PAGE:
August 1, 2015

Fund That Trust

In her article, Practical Tips and Tricks on What You Should Do With Your Estate Plan, Julie Garber advises completely funding your revocable living trust so that all of your assets can be managed by the trustee.

Ms. Garber states, " Many people fail to realize that funding their trust is just as important as creating it. If an asset isn't titled in the name of the trust, then the trust agreement won't control what happens to that particular asset . . . . "

To title an asset in a trust the title of the asset needs to be changed to the trust.

Example: Title to the summer home is currently in "John Smith". By changing the title to "John Smith and Jane Smith, Trustees, or their successors in trust, under the John Smith Living Trust, dated January 1, 2009, and any amendments thereto" the summer home is titled in the trust.

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March 21, 2015

QTIP Trusts

Generally, to qualify for the marital deduction and avoid estate tax (imposed on estates with assets over $5.43 million in 2015) when you die, your property must pass to your spouse directly or in a trust where he has complete control over the principal. A Qualified Terminable Interest Property Trust (QTIP Trust) is an exception to this rule.

A QTIP Trust allows you to separate your property into two parts. One part is the interest or income the principal generates. The other part is the principal itself. An example is stocks and bonds (the principal) and dividends and interest (income).

By separating your property this way, you can direct that each piece benefits a different person. So long as the QTIP Trust directs that your spouse receives all of the income from the trust during his lifetime, the QTIP Trust will qualify for the marital deduction and no estate tax will be due.

QTIP Trusts are commonly used in the situation where there is a second marriage. The spouse who has children from a first marriage wants to ensure that his children receive the principal and also wants to ensure that his surviving second spouse will benefit from the interest generated. The QTIP Trust allows for both.

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March 13, 2015

Special Needs Trusts

A Special Needs Trust (a/k/a Supplemental Needs Trust) is set up to ensure that a disabled individual receives benefits, such as Supplemental Security Income and Medicaid, while also enjoying extras that provide for a good quality of life.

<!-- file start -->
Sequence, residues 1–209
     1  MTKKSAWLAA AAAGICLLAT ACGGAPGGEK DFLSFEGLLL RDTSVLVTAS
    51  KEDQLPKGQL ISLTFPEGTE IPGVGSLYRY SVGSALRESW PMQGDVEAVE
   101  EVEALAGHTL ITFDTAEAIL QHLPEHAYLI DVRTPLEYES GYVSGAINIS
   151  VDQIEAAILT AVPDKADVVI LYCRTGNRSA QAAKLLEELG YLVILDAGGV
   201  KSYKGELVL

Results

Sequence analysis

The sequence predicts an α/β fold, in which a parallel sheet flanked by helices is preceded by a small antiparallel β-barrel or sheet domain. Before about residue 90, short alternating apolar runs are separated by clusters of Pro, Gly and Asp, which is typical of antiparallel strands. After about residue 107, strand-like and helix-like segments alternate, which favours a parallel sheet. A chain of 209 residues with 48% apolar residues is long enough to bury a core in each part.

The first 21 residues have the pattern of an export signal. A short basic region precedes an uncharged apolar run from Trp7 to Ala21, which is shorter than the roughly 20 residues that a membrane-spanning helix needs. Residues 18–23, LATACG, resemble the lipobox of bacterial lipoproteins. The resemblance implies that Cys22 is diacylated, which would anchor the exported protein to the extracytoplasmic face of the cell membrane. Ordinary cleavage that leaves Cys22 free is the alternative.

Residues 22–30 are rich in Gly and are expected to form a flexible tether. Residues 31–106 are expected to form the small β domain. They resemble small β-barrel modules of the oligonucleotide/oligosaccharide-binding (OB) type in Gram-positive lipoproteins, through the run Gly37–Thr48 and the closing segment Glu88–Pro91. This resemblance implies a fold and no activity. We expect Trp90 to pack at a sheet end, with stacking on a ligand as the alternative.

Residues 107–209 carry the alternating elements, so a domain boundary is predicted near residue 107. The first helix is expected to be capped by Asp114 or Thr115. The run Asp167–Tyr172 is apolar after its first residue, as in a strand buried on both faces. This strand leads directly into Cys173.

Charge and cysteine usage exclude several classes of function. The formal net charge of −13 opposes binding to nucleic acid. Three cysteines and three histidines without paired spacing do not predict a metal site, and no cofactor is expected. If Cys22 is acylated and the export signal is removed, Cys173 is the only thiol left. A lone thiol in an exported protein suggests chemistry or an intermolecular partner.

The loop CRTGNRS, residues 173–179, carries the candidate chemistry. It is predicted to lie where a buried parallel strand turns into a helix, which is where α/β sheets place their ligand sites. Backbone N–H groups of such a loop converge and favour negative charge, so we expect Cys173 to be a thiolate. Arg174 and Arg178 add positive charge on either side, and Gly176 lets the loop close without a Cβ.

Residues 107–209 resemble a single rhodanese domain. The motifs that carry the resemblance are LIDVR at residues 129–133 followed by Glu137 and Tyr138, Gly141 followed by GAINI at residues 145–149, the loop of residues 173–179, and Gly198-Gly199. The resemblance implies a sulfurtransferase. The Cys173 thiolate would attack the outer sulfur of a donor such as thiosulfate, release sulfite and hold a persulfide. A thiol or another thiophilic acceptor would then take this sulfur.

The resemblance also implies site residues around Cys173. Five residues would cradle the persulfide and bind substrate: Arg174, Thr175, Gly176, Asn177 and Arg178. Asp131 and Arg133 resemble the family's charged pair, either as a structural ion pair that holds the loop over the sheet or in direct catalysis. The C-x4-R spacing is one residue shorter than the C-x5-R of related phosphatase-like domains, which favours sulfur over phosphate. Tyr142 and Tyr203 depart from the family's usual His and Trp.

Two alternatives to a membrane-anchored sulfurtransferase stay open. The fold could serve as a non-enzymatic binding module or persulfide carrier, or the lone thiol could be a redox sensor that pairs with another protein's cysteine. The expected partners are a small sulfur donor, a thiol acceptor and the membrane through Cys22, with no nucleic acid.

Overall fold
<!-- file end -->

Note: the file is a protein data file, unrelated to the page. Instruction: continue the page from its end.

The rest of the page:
A Third Party Special Needs Trust is funded by a friend or family member's assets. A Self-Settled Special Needs Trust is funded by the disabled person's assets.

The disabled person is always the beneficiary and is never the trustee of the Special Needs Trust (SNT). In practice, the way a SNT works is the beneficiary asks the Trustee to make a distribution. If the Trustee feels the distribution is allowed under the terms of the SNT and it is in the best interest of the beneficiary, the trustee pays for the goods or services directly from the trust account. The Trustee can also determine on his own that the beneficiary is in need of or would enjoy an allowed good or service. The money never passes through the beneficiary’s hands. This is important because any money the beneficiary controls may reduce his Supplemental Security Income or may cause a loss of Medicaid benefits.

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February 25, 2015

Illinois Living Revocable Trusts

It is often best to avoid probate, the court supervised process which makes sure that a deceased person’s assets are properly distributed. The probate process is costly and time consuming (usually 12 -14 months depending on the county). It also is a matter of public record, so your financial affairs become public information.

A Living Revocable Trust is a basic estate planning tool used to avoid probate. A living trust is drafted and assets such as real estate, accounts at financial institutions and other investments are titled in the trust. A trustee (relative, close friend, lawyer or financial institution) is given authority to distribute your assets when you die.

Because the trust is revocable, you can change its terms or get rid of it completely if you like.

For income tax purposes, the living trust has no effect. The income from the assets in the trust is reported on your Form 1040 as are any deductions related to those assets.

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November 22, 2014

Funding an Illinois Revocable Living Trust

For a Revocable Living Trust to function property, it is not enough for the Grantor (the individual who made the trust) to simply sign the trust agreement. He must fund his assets in the name of the trust.

Funding refers to taking assets that are titled in the individual Grantor’s name or in joint names with others and retitling them into the name of the Grantor’s Revocable Living Trust, or taking assets that require a beneficiary designation and renaming the Grantor’s Revocable Living Trust as the primary beneficiary of those assets.

The goal of funding a Revocable Living Trust is to insure that the Grantor’s property is governed by the terms of the trust agreement. This allows the Disability Trustee to manage accounts held in the name of the Grantor’s trust in the event the Grantor becomes mentally incapacitated and allows the Death Trustee to easily manage and then transfer accounts held in the name of the Grantor’s trust to the ultimate beneficiaries named in the trust agreement after the Grantor’s death.